Virtual Events: The Modern Marketer’s Secret Weapon?


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There is no question that marketing has undergone a fundamental makeover – long gone are the days when companies poured millions of dollars into advertising to drive awareness and trial. The new marketing mantra seems to be all about content – blogs, inforgraphics, videos, webinars, and virtual events and conferences. Did you know that nine in 10 B2B marketers now report marketing with content, and 60% are increasing their content budgets this year and next? It is both fascinating and empowering when your partners and peers bring you new insights, and thanks to our new partnership with ON24, we can now appreciate the growing importance of virtual events for marketers. So I thought I would share some of what we have learned:

According to Market Research Media, in the three years since their inception, virtual events have demonstrated robust growth, with the market doubling from 2008 to 2009 and forecasted to continue at a compound annual growth rate of 56% through 2015. New York Times’ Growth in Virtual Gatherings Offers Marketing Opportunities from 2010 points out that virtual events are yet to replace the staple conferences and trade shows, but they are increasing in popularity. The article quotes large companies like Cisco Systems, Hewlett-Packard, Hilton Worldwide and I.B.M. increasingly using virtual events as global marketing and sales tools, with I.B.M.’s hosting 80 virtual get-togethers that year alone.

You may wonder what the growing excitement is all about. Consider these two reasons:
Virtual event deliver highly engaged audiences — a MarketingProfs, Trendline and ON24 survey from last year determined that 84% of virtual event attendees take some action as a direct result of attending a virtual event, with 61% taking two+ actions. The most common activities include visiting a vendor’s site and using a search engine to gather more information about a vendor featured at the event.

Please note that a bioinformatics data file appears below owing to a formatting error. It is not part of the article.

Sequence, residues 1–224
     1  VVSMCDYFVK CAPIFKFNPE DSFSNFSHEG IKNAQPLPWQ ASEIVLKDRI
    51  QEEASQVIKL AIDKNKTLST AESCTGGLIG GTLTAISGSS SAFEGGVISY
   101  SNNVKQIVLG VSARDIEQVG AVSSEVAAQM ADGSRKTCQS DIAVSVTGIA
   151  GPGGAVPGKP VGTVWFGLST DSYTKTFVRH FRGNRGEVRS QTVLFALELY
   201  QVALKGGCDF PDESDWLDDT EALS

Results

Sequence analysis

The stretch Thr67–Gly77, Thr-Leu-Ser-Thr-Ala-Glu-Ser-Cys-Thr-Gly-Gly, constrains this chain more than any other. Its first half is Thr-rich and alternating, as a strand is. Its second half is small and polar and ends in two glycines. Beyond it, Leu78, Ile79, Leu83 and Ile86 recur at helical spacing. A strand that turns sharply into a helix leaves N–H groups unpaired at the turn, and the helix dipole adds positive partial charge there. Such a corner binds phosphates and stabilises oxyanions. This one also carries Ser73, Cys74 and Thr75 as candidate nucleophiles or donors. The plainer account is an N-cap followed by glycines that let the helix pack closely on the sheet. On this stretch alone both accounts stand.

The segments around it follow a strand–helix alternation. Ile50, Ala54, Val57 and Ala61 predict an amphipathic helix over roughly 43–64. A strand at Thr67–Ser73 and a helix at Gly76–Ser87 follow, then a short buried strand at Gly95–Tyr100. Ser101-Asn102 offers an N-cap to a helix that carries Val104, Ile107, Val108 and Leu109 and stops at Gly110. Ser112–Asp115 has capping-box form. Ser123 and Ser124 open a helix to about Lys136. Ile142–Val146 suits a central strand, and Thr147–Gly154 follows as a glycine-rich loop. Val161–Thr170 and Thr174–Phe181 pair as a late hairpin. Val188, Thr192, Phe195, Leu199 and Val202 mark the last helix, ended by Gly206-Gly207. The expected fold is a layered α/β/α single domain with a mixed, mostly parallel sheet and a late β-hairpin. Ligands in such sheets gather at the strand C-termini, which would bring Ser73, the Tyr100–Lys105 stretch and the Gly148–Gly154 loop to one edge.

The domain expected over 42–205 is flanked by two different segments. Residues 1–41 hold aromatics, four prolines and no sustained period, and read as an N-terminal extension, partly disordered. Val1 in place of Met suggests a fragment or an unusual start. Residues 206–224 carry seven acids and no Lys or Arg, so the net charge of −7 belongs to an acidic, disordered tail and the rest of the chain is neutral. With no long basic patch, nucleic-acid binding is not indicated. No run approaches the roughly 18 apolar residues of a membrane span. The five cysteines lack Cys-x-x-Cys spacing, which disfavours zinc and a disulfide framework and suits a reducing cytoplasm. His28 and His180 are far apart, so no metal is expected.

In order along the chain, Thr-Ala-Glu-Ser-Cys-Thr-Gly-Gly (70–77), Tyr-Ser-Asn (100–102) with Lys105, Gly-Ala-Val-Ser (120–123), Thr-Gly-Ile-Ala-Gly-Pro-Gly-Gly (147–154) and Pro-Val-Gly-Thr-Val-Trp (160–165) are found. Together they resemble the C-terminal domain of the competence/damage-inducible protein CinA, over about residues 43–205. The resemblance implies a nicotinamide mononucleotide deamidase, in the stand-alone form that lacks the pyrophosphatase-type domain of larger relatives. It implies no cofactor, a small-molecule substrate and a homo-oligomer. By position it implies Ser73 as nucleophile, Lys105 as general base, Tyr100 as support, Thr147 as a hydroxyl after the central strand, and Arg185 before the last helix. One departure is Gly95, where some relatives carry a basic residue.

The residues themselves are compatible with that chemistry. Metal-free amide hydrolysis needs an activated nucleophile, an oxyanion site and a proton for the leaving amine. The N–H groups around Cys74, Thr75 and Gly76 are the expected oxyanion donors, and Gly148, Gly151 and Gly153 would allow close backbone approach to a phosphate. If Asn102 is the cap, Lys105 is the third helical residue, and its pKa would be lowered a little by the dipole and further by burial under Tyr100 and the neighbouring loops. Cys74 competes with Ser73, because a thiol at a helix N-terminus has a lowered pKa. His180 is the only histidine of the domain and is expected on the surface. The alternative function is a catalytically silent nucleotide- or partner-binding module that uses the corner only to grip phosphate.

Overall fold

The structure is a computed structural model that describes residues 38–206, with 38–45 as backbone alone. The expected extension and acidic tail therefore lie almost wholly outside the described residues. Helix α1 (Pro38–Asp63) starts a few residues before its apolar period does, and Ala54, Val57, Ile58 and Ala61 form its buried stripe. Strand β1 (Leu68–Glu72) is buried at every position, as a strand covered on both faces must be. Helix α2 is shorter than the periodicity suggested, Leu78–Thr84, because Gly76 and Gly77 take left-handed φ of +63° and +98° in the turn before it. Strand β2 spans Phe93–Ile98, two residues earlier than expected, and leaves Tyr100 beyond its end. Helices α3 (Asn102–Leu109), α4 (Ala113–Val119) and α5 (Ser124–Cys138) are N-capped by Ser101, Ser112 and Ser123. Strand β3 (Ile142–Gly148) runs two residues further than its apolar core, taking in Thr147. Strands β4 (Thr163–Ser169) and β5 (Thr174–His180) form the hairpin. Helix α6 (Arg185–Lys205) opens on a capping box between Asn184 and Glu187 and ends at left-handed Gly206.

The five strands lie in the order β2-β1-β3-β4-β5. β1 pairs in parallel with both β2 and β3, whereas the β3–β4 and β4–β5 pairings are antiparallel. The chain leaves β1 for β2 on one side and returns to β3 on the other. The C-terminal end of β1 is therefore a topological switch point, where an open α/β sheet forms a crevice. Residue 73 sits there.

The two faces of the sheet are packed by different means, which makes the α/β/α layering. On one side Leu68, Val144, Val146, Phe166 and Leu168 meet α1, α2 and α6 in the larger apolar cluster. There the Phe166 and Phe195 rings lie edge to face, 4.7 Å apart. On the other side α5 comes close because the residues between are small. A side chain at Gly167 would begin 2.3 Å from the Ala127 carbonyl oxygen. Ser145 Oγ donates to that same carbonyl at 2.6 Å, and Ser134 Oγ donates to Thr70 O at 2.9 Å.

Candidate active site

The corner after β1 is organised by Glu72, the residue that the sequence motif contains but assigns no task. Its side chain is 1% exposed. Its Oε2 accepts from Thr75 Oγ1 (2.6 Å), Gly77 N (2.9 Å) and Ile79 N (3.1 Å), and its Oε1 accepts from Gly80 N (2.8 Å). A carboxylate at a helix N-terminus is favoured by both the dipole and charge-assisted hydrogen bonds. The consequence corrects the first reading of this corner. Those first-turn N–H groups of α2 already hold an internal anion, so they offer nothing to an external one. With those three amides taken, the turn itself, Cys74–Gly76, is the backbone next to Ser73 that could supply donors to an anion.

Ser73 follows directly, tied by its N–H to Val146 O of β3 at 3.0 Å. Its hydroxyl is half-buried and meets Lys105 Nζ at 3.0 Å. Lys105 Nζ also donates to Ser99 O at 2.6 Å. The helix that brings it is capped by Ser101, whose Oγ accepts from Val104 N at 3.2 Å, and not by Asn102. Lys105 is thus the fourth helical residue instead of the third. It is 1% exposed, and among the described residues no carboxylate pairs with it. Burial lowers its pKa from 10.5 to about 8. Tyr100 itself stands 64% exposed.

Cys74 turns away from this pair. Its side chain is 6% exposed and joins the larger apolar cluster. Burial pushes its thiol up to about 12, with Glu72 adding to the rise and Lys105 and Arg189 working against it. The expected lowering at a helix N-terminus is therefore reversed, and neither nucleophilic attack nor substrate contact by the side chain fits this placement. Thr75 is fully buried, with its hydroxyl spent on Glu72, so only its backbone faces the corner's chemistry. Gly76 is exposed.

Virtual events are lead generation and customer engagement machines — The same survey found that attendees often discover new vendors and then check them out online during their participation in a virtual event. But that is not all, folks – 19% of attendees proactively contact a vendor for more information, making it important for companies to monitor both the show environment and their websites while the event is taking place.

Whether you are virtual events pro or I just convinced you to become one, consider that to make the most out of your virtual events investment, you need at least two things:

On-demand access to your content. Do that or you’ll miss half of your attendees who reenter the show environment to view content again and 34% who forward the on-demand links to their colleagues. Producers who have tested various time spans for maintaining on-demand access find that, on average, people continue to visit the virtual environment for about 45 days.
Smart integration with your SFA or CRM – Make sure that your virtual event solution is tied with your CRM or SFA solution. Because you can’t manage demand and engagement if you don’t know your customer journey – how many times they touch your content, visit your website, or ask for a demo. As I pointed out in recent blog post quoting a recent article by Jeff Bertolicci of InformationWeek, your sales people are searching upwards of 15 data sources for information on prospects. Sales people are spending so much time fetching data from different places that they spend close to 25% of their time doing research. Well, I didn’t have to tell you then, and don’t have to tell you again, but I will – pulling all the key data together can save companies millions.

If you are planning to be at Dreamforce, and want to connect, share thoughts or chat the growing role of data integration in accelerating business results, connect with me or Scribe via Twitter.

See you at the show,
Lou Guercia

Lou Guercia
As President and CEO for Scribe Software, Lou is responsible for Scribe's direction, continued growth as a leader in mid-market and enterprise integration as well as the company's entry into the cloud through integration-as-a-service (IaaS) offerings. He is a member of the SIIA Software Board of Directors and the MassTLC Cloud cluster.


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